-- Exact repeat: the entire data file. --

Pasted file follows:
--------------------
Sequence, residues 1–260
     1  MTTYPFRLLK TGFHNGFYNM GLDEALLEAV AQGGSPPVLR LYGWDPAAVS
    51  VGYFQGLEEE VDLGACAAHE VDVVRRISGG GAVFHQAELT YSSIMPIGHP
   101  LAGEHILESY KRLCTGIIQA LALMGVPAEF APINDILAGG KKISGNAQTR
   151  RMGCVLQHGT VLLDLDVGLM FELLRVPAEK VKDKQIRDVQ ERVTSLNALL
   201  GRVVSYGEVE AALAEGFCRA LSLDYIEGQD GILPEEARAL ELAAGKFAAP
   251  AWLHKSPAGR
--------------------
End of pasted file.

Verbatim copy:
Sequence, residues 1–260
     1  MTTYPFRLLK TGFHNGFYNM GLDEALLEAV AQGGSPPVLR LYGWDPAAVS
    51  VGYFQGLEEE VDLGACAAHE VDVVRRISGG GAVFHQAELT YSSIMPIGHP
   101  LAGEHILESY KRLCTGIIQA LALMGVPAEF APINDILAGG KKISGNAQTR
   151  RMGCVLQHGT VLLDLDVGLM FELLRVPAEK VKDKQIRDVQ ERVTSLNALL
   201  GRVVSYGEVE AALAEGFCRA LSLDYIEGQD GILPEEARAL ELAAGKFAAP
   251  AWLHKSPAGR